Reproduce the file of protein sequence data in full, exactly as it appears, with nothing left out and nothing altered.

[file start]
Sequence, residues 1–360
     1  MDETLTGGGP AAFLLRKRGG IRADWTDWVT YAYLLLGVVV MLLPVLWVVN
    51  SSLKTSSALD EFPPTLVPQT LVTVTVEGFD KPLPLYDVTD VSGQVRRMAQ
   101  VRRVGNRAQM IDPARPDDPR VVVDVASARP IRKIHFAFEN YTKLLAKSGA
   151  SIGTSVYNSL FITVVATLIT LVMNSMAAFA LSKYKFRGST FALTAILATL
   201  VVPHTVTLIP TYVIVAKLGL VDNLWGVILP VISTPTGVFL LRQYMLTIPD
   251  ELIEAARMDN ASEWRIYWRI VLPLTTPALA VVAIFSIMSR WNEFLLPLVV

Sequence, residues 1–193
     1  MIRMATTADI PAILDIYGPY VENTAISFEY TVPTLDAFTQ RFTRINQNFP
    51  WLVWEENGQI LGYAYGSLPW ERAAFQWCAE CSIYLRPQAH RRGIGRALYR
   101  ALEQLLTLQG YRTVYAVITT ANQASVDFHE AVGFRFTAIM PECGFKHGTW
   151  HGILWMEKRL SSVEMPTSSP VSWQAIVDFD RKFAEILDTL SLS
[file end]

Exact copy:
Sequence, residues 1–360
     1  MDETLTGGGP AAFLLRKRGG IRADWTDWVT YAYLLLGVVV MLLPVLWVVN
    51  SSLKTSSALD EFPPTLVPQT LVTVTVEGFD KPLPLYDVTD VSGQVRRMAQ
   101  VRRVGNRAQM IDPARPDDPR VVVDVASARP IRKIHFAFEN YTKLLAKSGA
   151  SIGTSVYNSL FITVVATLIT LVMNSMAAFA LSKYKFRGST FALTAILATL
   201  VVPHTVTLIP TYVIVAKLGL VDNLWGVILP VISTPTGVFL LRQYMLTIPD
   251  ELIEAARMDN ASEWRIYWRI VLPLTTPALA VVAIFSIMSR WNEFLLPLVV

Sequence, residues 1–193
     1  MIRMATTADI PAILDIYGPY VENTAISFEY TVPTLDAFTQ RFTRINQNFP
    51  WLVWEENGQI LGYAYGSLPW ERAAFQWCAE CSIYLRPQAH RRGIGRALYR
   101  ALEQLLTLQG YRTVYAVITT ANQASVDFHE AVGFRFTAIM PECGFKHGTW
   151  HGILWMEKRL SSVEMPTSSP VSWQAIVDFD RKFAEILDTL SLS